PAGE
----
Natalie Cole: 'My Life Crumbled Before My Eyes'
updated 09/22/2008 AT 01:00 AM EDT
•originally published 09/22/2008 AT 01:00 AM EDT
In her 2000 memoir, Angel on My Shoulder, Cole wrote that drugs "were a culmination of not having resolved things"—including her father's death when she was 15. She was also molested as a child. She hit bottom in the early '80s.
I was a heroin addict, sharing needles with the crowd I was with. At the time I was having fun. I didn't know. Then, 25 years later after a routine blood test, my doctor tells me, "You have hepatitis C." My life crumbled before my eyes. I never had symptoms. I didn't know anything about it. Would I still have a career? Was I going to die? How long did I have? I was devastated. I had to let it sink in for six weeks while they ran more tests.
It's important to wallow and grieve when you have a health issue. I don't think you really get the best stuff out of life until you've had the worst stuff. But I was upset with the Lord: I was like, "How could you?" But I got over it. I said, "Well, I know you haven't brought me this far to leave me."
Cole's doctor started her on a standard 48-week course of treatment, with chemotherapy-like injections and an antiviral drug, Ribavirin.
Nothing my doctor could have done could prepare me for this. It's debilitating. I give myself a weekly injection of chemotherapy in my thigh. When I started in May, I thought I was dying. I couldn't get out of bed for three weeks—literally. I was nauseous every day. I lost 15 lbs. from not eating. And chemo dehydrates you. I looked like a scarecrow. It would take a 300-lb. man to his knees.
I had some concerts this summer. I remember standing in my dressing room in Tokyo, naked, looking in the mirror. I was pathetic: so skinny, with an IV hanging from the wardrobe rack, trying to get hydrated to go onstage. I was in bad shape.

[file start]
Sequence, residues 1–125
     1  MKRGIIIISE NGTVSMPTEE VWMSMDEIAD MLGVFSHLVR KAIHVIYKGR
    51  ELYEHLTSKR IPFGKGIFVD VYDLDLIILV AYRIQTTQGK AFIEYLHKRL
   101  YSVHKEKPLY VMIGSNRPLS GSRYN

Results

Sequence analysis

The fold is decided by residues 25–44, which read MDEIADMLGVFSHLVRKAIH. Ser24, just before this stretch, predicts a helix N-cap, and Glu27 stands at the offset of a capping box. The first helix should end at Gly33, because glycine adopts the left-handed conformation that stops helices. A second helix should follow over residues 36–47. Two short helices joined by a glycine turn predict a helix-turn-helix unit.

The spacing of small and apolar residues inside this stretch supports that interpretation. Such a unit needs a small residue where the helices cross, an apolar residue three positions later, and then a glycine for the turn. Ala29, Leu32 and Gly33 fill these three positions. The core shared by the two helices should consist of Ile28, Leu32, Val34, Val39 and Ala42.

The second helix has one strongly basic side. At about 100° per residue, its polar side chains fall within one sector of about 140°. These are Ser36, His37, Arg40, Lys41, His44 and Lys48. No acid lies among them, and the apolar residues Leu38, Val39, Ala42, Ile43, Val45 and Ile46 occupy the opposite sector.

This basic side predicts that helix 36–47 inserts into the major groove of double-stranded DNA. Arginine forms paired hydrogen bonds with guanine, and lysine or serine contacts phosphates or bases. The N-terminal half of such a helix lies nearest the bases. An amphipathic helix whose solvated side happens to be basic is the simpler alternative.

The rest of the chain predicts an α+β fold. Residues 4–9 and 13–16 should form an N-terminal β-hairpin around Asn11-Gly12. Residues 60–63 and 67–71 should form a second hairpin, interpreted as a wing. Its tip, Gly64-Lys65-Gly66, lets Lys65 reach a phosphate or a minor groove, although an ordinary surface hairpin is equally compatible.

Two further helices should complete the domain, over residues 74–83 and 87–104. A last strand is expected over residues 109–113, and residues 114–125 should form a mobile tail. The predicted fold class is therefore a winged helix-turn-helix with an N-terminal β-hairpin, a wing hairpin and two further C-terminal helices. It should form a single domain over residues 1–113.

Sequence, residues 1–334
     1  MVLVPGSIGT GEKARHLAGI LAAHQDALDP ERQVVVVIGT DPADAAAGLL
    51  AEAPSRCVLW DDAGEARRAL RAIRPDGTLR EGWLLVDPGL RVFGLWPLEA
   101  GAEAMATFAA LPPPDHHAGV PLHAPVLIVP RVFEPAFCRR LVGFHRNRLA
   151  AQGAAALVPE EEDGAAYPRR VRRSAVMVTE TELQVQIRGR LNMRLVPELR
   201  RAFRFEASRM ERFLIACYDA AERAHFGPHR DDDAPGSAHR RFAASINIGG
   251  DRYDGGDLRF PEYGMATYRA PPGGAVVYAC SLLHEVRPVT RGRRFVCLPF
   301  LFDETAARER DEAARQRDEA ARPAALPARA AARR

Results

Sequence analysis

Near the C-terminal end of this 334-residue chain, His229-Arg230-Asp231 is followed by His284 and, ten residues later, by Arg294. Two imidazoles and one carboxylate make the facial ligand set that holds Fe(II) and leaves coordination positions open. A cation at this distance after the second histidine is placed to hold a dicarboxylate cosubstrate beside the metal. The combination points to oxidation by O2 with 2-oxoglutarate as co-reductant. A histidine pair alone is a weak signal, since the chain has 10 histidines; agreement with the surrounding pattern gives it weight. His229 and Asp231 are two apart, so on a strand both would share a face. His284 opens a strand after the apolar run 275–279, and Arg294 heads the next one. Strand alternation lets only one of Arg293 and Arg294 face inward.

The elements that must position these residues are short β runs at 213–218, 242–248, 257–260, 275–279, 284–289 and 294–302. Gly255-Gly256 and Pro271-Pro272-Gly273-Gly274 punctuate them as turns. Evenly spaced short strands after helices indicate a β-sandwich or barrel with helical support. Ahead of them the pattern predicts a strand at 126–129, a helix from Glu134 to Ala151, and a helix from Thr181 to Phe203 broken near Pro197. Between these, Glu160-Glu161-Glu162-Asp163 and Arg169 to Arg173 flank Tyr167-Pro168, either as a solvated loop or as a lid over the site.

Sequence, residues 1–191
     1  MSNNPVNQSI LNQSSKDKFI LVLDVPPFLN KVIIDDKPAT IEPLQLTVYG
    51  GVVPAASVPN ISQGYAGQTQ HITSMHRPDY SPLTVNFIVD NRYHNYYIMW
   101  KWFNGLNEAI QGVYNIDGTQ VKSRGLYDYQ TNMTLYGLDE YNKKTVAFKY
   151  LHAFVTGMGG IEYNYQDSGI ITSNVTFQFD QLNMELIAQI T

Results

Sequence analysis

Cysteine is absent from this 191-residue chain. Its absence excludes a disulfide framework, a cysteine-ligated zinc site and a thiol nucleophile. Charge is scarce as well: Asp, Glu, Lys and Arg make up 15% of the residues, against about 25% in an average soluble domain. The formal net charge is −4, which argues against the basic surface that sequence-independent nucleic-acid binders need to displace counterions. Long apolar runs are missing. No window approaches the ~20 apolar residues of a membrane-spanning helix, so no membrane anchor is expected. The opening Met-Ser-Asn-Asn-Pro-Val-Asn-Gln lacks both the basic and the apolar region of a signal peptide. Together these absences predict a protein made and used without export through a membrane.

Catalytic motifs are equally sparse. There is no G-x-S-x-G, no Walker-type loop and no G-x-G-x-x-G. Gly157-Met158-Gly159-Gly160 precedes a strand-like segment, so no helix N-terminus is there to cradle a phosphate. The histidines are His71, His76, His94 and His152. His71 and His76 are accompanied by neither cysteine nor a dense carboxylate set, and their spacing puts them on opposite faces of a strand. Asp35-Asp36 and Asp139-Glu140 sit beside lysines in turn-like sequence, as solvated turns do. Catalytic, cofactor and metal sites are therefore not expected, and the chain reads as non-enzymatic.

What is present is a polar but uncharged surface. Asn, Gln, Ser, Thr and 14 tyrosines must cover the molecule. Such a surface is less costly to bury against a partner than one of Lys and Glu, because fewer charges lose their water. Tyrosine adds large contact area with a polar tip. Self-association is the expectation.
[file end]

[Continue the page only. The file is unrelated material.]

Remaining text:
My support system—my sisters, my close friends of 30 years and my son Robbie—had never seen me like this. I was depressed. My doctor warned me I might even think of suicide. I never did. But I understand why people do. It's a hopeless emotion. Imagine having a 24-hour flu. Now imagine that times 10, every single day, for a year or longer.
The side effects were so severe that she stopped the Ribavirin after a month. But Cole's body responded quickly; the virus is now undetectable. Her treatment will continue until the end of the year, in hopes that she'll be cured.
I'm lucky—some people are in treatment for years. But I'm still emerging from the depression. You have to make yourself do things, like just going to the store or having lunch with a friend. Even that takes so much out of you. And of course there's always vanity. You've got to have a friend take you to the hairdresser and get your nails done. Even if you're leaning over the table sick. Vanity trumps all!
But my hair's starting to fall out, so I'm getting ready to cut it all off. Seventeen years ago, when Unforgettable ... with Love came out, I cut it off too. I'm looking forward to it. It's one less thing to deal with. It's freeing.
As long as she's in treatment, Cole—who's been married three times—says dating is the last thing on her mind.
I can't see putting a man through this. I'd make a horrible girlfriend. This is a very emotional, unstable time for someone with hepatitis. Then you add my celebrity life, and not many guys could deal with this. I definitely am open to love again. I just can't imagine how or where it will come from.
Cole's new album, Still Unforgettable, includes a new duet with her father, "Walkin' My Baby Back Home." Producing a new project and thinking about her father has helped her cope.
My dad was so much fun. I just wish he could be here. That's the hardest part of this. I think of him every time I sing. My father led by example. He wasn't much of a talker—he walked life. That means a lot to me.
I'm committed to working. I'm a fighter, not a chump. The timing is intense. The album is special to me, and here I am sick. But you know the saying: These are the best of times and the worst of times. So we'll barrel through. If I have to, I'll kick butt sitting down.
You shouldn't have regrets. I'd say instead that I've learned a lot of lessons. Yes, I could have handled some things better. But they've also made me who I am today. I like myself so much more than I did even five years ago. I can't think of anything I wish I hadn't done, even with this hepatitis. I'm almost 60—but I'm still growing.